7.30.2014

The American Way of Death Revisited by Jessica Mitford



Once upon a time, straight out of college, I almost took a job in funeral sales. I'm glad I steered clear of that lucrative career path.  The money would've been great, but not at the expense of all that absurd psychological manipulation and sales shenanigans I'd of had to have conned the bereaved with, every day, 9-5.

"Wouldn't your loved one have wanted to be buried in this gold embossed coffin?  I understand he was a man of modest means, and made great personal sacrifices for you and your family, doesn't he now deserve the best now for his eternal rest?"

What shysters, just a small step removed from their sleazy, used car salespeople, next of kin. I wouldn't be caught dead working in the funeral industry, preying upon people's raw emotional weakness in their greatest -- and gravest -- time of need.  What a disgusting, self-serving industry the funeral business became in the twentieth century in the U.S.A., and remains so, even now, despite occasional promises of reform that have arisen in reaction to persistent whistle blowers like Jessica Mitford, whose American Way of Death elicited a similar (though smaller scaled) legislative response that The Jungle did for the meat packing industry.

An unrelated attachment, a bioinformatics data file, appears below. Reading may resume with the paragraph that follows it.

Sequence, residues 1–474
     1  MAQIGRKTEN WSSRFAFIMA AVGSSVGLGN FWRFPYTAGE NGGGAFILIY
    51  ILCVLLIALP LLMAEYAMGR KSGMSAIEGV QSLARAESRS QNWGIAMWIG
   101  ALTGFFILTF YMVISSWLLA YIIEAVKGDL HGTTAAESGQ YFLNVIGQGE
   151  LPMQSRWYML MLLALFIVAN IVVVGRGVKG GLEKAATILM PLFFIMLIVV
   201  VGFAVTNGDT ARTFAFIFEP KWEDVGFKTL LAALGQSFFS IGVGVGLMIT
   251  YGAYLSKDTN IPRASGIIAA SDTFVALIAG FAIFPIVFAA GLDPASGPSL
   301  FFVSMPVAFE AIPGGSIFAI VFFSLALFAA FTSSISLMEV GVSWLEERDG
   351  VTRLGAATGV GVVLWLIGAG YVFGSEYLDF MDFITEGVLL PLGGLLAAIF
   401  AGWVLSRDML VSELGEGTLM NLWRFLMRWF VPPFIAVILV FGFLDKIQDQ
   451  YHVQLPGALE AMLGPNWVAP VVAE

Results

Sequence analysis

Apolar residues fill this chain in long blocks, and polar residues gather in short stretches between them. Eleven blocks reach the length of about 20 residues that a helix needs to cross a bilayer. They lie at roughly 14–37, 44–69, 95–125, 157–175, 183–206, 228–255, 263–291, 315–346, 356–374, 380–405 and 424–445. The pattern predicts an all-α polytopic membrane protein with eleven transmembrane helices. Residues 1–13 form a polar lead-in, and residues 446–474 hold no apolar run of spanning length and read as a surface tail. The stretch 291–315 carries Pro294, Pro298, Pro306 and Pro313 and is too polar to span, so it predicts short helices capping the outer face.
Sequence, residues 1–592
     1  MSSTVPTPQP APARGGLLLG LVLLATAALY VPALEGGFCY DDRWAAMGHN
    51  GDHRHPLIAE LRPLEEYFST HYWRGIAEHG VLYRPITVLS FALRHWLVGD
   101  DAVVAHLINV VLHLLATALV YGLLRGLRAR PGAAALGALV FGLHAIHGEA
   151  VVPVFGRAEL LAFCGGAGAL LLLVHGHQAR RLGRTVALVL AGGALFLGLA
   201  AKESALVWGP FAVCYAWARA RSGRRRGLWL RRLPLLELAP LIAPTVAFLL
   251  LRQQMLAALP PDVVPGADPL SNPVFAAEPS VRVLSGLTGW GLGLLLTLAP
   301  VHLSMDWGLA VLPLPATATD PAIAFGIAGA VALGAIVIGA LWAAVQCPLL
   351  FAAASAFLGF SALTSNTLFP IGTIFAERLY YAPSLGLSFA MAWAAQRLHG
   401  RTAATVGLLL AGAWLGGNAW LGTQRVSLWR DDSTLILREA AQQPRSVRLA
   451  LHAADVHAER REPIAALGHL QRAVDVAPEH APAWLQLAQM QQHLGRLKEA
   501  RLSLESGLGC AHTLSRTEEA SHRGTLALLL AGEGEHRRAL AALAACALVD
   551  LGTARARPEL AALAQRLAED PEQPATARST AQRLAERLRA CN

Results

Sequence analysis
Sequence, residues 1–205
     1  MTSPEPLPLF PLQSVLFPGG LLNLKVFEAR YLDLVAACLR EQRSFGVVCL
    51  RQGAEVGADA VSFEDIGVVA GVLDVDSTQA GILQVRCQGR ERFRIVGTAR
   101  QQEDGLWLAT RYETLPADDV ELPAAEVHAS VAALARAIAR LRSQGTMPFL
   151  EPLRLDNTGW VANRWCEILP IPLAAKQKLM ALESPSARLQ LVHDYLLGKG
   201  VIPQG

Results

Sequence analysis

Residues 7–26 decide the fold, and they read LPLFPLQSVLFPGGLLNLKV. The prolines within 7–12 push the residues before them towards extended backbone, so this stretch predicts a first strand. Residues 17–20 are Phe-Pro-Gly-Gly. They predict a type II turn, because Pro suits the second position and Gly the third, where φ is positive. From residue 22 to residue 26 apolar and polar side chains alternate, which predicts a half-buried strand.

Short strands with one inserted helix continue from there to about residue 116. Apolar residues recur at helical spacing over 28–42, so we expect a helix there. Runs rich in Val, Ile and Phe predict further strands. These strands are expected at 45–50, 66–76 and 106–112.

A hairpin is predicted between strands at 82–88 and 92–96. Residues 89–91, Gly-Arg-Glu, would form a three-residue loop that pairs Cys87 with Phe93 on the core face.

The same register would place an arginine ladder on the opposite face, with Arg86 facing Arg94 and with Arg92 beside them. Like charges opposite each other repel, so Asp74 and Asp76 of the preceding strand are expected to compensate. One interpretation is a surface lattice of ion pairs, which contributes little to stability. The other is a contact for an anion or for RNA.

Jessica Mitford wrote a wonderful, smart, and snarky exposé on the closed culture and shady sales tactics of these embalming-crazed bastards -- or "memorial counselors" -- as their business cards allege they are today, who don't bat an eye inside their posh offices insisting that embalming is "required by law" when in fact no such laws requiring the dead have to be embalmed exist on the books or have ever existed.  This lie has been so ingrained in U.S. culture, as Mitford observes, that these memorial counselors don't even ask the bereaved if they want "the deceased" to be embalmed; they just assume you do unless you say you don't.  And if you don't want embalming, but rather, refrigeration, the average memorial counselor will proclaim, because of health reasons, that "the law requires it."  But the law doesn't -- and never has -- required it.  It's a lie.

But as Mitford pointed out, if you're not an attorney or legal expert, and in your vulnerable condition (you may still be in shock), having just lost a loved one, you're probably not going to argue with them that it isn't the law, but will take their good word for it; because, after all, they're the experts right?, they're the authorities on the matter, and you automatically accept their authority unconsciously.  They're dressed in their Sunday best and their speech even sounds, the way they talk, if they're smooth at it, sympathetic.  Like they care about you.  Certainly they wouldn't dream of taking advantage of you at a horrible time like this!